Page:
KAIRAT UMAROV (Kazakhstan) said implementing resolution 2401 (2018) was a collective responsibility, with each Council member playing a significant role. “We must all continue to do everything we can to ensure full implementation across Syria,” he said, looking forward to further reporting in that regard. Welcoming that humanitarian convoys had reached besieged areas, he emphasized the need to create safe conditions for internally displaced persons, and for collective shelters housing civilians from eastern Ghouta to be urgently improved. He also looked forward to a new round of talks in its Astana in mid-May, stressing that dialogue between the Under-Secretary-General for Humanitarian Affairs and the Government of Syria should be ongoing.
GUSTAVO MEZA-CUADRA (Peru) expressed regret that since the Council’s demand for a ceasefire, violence and suffering in Syria continued unabated. Although there had been some improvement in the distribution of humanitarian aid, all assistance must be allowed. He expressed support for the protection of civilians in all humanitarian crises and called for the protection of residents in eastern Ghouta, who were particularly vulnerable. The responsibility to protect citizens must come without strings attached, he said, stressing the need to make headway towards a political solution, according to resolution 2244 (2015) and the Geneva Communiqué.
TEKEDA ALEMU (Ethiopia) condemned the increased violence in eastern Ghouta over the past month. Alleviating the suffering required urgent, coordinated action from all actors and respect for all relevant Council resolutions, especially resolution 2401 (2018), which must be implemented with utmost urgency and political will. All States with influence should exert maximum pressure on the Syrian Government, he said, expressing hope that the Astana guarantors would strengthen ceasefire conditions and facilitate humanitarian access. It was vital to ensure such access so that life-saving aid could reach all Syrians in need. Nevertheless, only a political dialogue under United Nations auspices could end the tragedy in Syria, he said.
PEDRO LUIS INCHAUSTE JORDÁN (Bolivia) regretted that obstacles were hampering full implementation of resolution 2401 (2018) and called on all parties to ensure the unimpeded delivery of humanitarian aid as well as the evacuation of the sick and injured. Highlighting the delivery of some humanitarian aid to Duma, he hailed efforts by the Office for the Coordination of Humanitarian Affairs, international humanitarian agencies and the Russian Federation to channel aid to eastern Ghouta and other places. That should continue with the highest possible level of security. He reiterated the need to build on the political momentum of the Syrian national dialogue, to strengthen the Geneva process and to swiftly implement the Sochi declaration. He emphasized that it was up to Syria’s people to freely decide their political future, with an inclusive dialogue — by and for the people — being the only viable way to end the conflict.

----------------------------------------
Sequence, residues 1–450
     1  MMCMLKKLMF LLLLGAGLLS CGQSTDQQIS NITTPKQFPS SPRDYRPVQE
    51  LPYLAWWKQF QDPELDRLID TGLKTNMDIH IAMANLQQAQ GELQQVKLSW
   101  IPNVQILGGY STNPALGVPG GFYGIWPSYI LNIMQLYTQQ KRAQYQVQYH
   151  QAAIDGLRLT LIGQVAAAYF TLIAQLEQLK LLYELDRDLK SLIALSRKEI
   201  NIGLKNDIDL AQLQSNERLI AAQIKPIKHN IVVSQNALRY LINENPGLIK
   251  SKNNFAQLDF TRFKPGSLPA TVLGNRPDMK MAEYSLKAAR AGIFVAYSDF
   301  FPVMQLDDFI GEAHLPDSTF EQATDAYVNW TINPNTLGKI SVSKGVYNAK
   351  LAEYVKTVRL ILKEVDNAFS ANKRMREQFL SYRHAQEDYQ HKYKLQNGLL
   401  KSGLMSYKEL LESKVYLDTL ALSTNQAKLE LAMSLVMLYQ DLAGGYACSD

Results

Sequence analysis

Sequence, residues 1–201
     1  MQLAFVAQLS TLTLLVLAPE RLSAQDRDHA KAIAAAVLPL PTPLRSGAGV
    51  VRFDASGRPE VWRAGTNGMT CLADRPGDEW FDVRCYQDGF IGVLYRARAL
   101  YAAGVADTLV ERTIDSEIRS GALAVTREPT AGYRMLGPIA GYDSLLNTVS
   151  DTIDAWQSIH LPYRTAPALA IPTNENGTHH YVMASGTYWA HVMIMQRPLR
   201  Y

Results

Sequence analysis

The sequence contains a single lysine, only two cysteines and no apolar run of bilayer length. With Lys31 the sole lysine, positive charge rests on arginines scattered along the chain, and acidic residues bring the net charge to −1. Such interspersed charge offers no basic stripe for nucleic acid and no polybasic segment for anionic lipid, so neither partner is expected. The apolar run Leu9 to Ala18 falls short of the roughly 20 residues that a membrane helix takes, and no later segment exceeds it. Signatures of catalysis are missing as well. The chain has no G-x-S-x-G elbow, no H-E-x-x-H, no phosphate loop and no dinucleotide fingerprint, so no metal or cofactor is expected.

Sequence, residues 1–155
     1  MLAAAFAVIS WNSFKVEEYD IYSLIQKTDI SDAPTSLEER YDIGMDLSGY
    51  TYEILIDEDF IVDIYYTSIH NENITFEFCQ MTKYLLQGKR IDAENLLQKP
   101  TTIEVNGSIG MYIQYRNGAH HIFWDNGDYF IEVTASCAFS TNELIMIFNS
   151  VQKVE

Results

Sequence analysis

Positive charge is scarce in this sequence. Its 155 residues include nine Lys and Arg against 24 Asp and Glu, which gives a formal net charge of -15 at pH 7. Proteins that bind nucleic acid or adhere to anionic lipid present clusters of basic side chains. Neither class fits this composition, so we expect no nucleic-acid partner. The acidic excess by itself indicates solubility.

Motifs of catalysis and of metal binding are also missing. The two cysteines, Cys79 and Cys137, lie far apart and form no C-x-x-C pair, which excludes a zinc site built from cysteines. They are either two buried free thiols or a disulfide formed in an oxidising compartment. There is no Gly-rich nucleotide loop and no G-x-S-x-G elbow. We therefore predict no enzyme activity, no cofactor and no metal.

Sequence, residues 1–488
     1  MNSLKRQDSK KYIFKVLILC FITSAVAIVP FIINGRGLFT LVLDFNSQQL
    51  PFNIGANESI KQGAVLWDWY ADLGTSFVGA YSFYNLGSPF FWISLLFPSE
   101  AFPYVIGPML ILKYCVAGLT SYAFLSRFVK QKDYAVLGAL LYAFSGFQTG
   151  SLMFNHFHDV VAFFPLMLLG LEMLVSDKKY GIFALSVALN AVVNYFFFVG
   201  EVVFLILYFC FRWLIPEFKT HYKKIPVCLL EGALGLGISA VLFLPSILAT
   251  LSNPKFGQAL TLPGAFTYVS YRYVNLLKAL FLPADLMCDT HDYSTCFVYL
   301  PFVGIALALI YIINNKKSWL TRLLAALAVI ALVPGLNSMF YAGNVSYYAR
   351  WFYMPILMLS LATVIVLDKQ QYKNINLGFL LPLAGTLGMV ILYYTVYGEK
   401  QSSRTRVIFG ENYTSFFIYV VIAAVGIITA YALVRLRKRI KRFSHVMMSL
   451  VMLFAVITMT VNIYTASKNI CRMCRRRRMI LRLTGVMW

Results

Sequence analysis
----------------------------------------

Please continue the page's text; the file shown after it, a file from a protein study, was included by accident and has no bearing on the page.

VASSILY A. NEBENZIA (Russian Federation) said a difficult humanitarian situation persisted in several parts of Syria. The Russian Federation was taking steps to normalize the situation, including through the implementation of resolution 2401 (2018). That might not be to the liking of some, but his country was the only Council member to take concrete measures to implement that text. The nearly 121,000 people evacuated from eastern Ghouta had left voluntarily, with many describing how difficult it had been to live under the repressive regime of armed groups. Russian specialists had organized the provision of hot food, drinking water and medical care, he said, going on to discuss evacuations in other parts of Syria. He said that some Council members were squandering time with unfounded claims against his country to conceal their own failure to do something constructive with resolution 2401 (2018).
He questioned the origin of some information in the Secretary-General’s report, including information attributed to the United Nations High Commissioner for Human Rights, who had no staff on the ground. He asked whether information was coming from anti-Government groups and terrorist henchmen such as the White Helmets and questioned why information from Damascus was cited in reports in a piecemeal way. He proposed that future reports discuss reconstruction, including in areas liberated from terrorists, adding that he was under the impression that external donors would not be interested in helping those parts of Syria under Government control. Concluding, he expressed the hope that, in close cooperation with the Syrian authorities, the United Nations would agree on an emergency humanitarian response plan for 2018, with an emphasis on assistance for liberated areas.
JOANNA WRONECKA (Poland) said it was unfortunate that resolution 2401 (2018) had not been implemented and there had been no substantial change on the ground. In consequence, human suffering was growing. No fight against terrorism could justify such actions. There was a need for accountability and urgent steps to ensure justice in the immediate and longer-term. She called for humanitarian access for women and children, to be overseen by the United Nations. Concerning evacuations, she said people must have the right to return and safe places to seek shelter. At the same time, all actors should use their influence to improve ground conditions and she called for the cessation of hostilities throughout Syria. Some positive steps had been made, with the highest number of humanitarian convoys witnessed in March. She called on the Russian Federation, Iran and Turkey to fulfil their obligations as Astana guarantors.